- The Washington Times - Friday, May 27, 2005

NEW DELHI — Employees of an outsourced call center in India coaxed Citibank account holders in the United States to reveal their personal identification numbers — and then siphoned $426,000 from their accounts, Indian police said.

In the biggest scandal to hit the Indian outsourcing industry, 16 arrests have been made since April, and more are expected.

The case, which began at the MphasiS call center in Pune, 77 miles from Bombay, has raised fears of a backlash in an industry that received revenue of more than $3.4 billion from the United States in 2004.

With global outsourcing contracts totaling $163 billion in 2004, according to research firm Datamonitor, security is an increasing concern for companies that choose to outsource work, especially those that move work overseas.

Although outsourcing contracts are full of security provisions, companies have to put faith in foreign laws and police to catch and punish criminals.

In a country where the first data security and cybercrime act was passed only in 2000, the MphasiS case has been regarded as a test of India’s laws as well as its enforcement.

The verdict, it seems, has been largely positive. Citibank does not plan to change its business relationship with MphasiS, and the Indian authorities’ response to the crime was seen as quick and effective.

Yet, with the United States accounting for two-thirds of India’s technology and outsourcing-industries’ revenue, the Indian information-technology association, National Association of Software and Service Companies (NASSCOM), is on its toes.

Harris Miller, president of Information Technology Association of America, said, “If companies that are using or considering India for global sourcing lose confidence … then the Indian IT industry will be severely harmed.”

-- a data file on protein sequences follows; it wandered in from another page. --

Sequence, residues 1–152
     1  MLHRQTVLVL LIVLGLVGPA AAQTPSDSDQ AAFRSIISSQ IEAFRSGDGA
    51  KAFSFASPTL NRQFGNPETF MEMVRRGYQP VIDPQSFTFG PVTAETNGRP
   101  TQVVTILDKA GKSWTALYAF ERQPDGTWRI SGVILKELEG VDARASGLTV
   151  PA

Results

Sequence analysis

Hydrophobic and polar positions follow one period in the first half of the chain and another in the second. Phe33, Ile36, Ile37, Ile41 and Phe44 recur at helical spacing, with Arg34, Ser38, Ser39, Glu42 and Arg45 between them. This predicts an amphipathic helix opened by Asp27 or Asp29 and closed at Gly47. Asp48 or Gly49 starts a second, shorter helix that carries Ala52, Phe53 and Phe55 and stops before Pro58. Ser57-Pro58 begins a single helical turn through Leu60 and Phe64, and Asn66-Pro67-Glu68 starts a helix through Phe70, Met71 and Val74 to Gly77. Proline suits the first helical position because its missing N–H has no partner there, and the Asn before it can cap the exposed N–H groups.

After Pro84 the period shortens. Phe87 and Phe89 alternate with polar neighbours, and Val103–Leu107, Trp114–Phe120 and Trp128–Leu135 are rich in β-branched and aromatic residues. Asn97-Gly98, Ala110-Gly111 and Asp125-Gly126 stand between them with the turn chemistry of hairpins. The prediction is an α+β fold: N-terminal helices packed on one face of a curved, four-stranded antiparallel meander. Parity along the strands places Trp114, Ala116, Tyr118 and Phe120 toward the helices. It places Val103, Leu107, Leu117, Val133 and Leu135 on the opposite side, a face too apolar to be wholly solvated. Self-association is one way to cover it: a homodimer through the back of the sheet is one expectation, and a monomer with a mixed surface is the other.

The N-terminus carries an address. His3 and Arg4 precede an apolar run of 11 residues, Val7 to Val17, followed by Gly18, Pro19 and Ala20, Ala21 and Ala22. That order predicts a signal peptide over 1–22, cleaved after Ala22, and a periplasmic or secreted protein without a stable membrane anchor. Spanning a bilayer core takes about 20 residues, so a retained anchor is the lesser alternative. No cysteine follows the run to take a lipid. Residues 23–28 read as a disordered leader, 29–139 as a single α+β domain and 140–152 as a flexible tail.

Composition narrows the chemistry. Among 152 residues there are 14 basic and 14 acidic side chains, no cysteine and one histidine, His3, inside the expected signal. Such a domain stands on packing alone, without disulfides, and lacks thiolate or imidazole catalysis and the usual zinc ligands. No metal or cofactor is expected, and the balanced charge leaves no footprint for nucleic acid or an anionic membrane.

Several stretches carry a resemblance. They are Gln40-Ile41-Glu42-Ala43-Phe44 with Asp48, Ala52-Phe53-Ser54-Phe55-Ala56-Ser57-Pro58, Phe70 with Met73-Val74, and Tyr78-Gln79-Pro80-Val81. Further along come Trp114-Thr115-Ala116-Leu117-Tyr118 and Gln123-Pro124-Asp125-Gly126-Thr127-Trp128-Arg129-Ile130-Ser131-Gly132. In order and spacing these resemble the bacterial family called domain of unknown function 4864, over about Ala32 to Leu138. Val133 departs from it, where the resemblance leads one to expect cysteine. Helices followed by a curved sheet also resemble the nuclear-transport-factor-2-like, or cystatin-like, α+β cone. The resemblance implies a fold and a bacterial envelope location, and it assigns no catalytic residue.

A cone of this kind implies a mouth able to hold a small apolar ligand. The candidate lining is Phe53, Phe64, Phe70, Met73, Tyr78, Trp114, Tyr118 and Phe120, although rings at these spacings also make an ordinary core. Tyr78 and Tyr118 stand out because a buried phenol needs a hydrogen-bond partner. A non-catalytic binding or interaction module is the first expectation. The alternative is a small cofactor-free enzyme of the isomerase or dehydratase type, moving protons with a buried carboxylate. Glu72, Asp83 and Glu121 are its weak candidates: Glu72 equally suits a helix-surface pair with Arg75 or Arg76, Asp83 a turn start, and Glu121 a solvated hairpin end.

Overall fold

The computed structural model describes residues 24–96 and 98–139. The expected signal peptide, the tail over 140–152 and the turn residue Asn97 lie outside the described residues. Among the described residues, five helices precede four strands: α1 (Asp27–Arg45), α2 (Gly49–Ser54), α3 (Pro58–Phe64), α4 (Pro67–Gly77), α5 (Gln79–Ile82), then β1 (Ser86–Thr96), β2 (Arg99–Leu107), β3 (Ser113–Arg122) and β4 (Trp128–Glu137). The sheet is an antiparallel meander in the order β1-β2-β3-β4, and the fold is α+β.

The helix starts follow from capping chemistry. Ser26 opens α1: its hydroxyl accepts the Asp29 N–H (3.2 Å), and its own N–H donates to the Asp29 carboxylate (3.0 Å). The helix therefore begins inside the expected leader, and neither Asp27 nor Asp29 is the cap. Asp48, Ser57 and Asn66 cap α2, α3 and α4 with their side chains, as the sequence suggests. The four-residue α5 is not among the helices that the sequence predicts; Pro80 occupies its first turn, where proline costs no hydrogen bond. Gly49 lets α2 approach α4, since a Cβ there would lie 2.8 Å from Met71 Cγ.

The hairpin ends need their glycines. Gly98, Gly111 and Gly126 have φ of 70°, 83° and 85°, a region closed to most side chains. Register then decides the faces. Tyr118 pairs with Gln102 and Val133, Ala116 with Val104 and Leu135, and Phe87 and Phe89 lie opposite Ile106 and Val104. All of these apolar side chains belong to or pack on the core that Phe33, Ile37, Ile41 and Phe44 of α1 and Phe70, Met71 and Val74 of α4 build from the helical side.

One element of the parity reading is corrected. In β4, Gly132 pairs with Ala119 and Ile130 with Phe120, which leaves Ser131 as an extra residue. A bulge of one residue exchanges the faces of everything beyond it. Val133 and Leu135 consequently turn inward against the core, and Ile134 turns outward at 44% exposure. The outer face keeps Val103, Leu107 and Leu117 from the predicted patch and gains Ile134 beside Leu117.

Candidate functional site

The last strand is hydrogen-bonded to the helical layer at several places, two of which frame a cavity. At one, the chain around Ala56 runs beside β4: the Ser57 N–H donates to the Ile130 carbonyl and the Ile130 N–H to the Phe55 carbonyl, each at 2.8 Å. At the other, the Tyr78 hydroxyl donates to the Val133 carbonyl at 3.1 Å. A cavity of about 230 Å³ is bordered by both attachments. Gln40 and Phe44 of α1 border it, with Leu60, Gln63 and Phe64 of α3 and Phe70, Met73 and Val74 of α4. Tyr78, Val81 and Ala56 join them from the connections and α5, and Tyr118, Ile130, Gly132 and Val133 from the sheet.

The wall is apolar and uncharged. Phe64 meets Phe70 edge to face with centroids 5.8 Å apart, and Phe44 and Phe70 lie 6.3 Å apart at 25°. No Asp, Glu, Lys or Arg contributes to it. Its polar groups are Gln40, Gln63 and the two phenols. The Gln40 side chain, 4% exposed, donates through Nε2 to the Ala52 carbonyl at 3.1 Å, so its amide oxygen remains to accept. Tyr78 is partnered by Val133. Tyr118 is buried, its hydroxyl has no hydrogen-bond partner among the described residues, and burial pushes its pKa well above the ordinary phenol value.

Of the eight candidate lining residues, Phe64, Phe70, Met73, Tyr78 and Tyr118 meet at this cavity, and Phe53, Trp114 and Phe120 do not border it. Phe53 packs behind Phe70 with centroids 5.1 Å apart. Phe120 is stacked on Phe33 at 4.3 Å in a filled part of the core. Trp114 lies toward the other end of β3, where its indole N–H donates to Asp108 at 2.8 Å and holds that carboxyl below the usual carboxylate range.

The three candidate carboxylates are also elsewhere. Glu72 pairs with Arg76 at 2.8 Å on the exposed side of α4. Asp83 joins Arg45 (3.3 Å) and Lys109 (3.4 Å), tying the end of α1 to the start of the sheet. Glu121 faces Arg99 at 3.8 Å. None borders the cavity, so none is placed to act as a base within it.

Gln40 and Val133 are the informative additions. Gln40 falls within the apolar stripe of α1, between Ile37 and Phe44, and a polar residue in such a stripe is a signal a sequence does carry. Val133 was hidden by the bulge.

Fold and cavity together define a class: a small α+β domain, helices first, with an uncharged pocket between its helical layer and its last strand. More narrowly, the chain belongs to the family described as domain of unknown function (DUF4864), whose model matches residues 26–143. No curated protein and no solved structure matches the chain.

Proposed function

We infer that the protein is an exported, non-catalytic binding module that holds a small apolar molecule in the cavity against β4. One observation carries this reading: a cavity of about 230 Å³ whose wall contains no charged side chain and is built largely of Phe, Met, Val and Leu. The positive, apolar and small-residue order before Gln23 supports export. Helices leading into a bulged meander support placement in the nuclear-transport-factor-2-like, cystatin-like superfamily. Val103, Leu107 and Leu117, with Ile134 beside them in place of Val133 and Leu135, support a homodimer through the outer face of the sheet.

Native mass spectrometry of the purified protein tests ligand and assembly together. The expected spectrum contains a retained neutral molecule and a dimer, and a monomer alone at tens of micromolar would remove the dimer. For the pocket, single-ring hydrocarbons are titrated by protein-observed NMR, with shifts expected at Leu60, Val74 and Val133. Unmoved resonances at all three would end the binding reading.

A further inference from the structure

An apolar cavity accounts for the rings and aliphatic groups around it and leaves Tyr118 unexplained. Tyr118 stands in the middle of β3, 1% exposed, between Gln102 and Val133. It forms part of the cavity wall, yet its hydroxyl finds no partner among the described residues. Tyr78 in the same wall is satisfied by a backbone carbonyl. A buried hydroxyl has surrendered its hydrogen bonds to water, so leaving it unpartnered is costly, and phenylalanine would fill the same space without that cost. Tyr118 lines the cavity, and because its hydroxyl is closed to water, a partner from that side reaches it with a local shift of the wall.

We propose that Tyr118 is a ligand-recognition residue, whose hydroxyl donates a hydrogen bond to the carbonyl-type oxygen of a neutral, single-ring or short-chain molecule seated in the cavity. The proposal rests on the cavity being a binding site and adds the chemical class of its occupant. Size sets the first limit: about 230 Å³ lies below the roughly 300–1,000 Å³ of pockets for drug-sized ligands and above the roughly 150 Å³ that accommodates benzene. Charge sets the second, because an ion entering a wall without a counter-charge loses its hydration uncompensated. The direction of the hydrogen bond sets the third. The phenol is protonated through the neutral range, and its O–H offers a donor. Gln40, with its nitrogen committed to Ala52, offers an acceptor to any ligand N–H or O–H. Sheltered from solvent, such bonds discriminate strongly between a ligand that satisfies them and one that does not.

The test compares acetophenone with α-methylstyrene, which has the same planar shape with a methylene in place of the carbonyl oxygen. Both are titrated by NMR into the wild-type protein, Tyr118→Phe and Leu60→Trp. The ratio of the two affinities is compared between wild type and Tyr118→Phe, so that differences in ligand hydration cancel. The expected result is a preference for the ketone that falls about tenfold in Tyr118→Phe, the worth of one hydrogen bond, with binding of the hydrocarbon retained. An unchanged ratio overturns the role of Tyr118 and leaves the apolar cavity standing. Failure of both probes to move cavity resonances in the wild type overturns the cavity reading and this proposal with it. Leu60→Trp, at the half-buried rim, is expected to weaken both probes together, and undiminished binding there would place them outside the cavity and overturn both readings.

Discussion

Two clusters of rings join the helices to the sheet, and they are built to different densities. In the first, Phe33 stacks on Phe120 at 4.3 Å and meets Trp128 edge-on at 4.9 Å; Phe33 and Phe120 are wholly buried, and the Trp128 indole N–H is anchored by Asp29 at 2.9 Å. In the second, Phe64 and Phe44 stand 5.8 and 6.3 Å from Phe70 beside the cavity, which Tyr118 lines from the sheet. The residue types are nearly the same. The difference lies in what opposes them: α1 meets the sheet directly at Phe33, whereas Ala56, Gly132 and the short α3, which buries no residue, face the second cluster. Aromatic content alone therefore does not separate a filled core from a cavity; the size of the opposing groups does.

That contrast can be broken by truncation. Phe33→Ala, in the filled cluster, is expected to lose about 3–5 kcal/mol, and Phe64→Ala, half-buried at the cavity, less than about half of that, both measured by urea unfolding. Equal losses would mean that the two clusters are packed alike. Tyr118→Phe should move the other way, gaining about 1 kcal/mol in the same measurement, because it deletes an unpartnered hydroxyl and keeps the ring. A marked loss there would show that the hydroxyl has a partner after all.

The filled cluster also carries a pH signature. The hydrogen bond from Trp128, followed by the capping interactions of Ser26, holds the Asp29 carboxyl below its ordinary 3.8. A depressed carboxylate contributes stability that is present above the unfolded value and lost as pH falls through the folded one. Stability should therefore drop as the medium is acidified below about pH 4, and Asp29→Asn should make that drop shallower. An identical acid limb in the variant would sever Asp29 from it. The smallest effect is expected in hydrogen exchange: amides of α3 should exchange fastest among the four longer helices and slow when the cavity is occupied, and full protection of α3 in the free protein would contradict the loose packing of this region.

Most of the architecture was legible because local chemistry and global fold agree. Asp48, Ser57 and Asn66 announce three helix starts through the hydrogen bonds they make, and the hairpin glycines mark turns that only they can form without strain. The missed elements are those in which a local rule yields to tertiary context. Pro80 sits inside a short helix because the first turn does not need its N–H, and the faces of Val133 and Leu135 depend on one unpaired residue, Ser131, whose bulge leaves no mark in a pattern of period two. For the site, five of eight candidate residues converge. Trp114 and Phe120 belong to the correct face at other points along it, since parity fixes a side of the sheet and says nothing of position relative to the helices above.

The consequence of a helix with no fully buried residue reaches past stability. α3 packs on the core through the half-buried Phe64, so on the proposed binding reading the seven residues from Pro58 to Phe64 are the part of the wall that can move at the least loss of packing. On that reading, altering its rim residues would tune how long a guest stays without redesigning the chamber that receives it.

The private sector’s concern is evident in the fact that roughly 25 percent of every outsourcing agreement is used to establish detailed security measures. Surprise audits by clients are frequent, and outsourcing companies spend hundreds of thousands of dollars on security.

At Wipro Spectramind, one of the largest outsourcing firms here, all the computer terminals are “dumb,” meaning they have no hard disks, so no information can be saved. Staff members are watched on camera.

Cell phones, IPods and even pen and paper are not allowed inside. It is strict rules such as these, combined with graveyard shifts and a young, restless work force that keep attrition in the industry between 25 percent and 40 percent, a NASSCOM study says.

To help keep track of employees, NASSCOM is setting up a voluntary database in which skilled workers can register their resumes and personal data.

While NASSCOM Vice President Sunil Mehta insists that the database is not for security purposes, MphasiS’s Jeroen Tas said that it would be coordinated with police and enable faster, more accurate screening.

Mr. Miller is positive about India’s security measures. “During my visits to numerous firms, I have found [security] very high, frankly, often somewhat higher than some companies in the United States and in other more developed economies,” he said.

Still, shaky ground remains. A NASSCOM survey on information security, done jointly with Evalueserve, noted that almost 50 percent of the technology and business outsourcing companies studied did not have certified information-security personnel on staff.

A PricewaterhouseCoopers study found that 83 percent of 150 Indian companies surveyed had information-security breaches in 2004.

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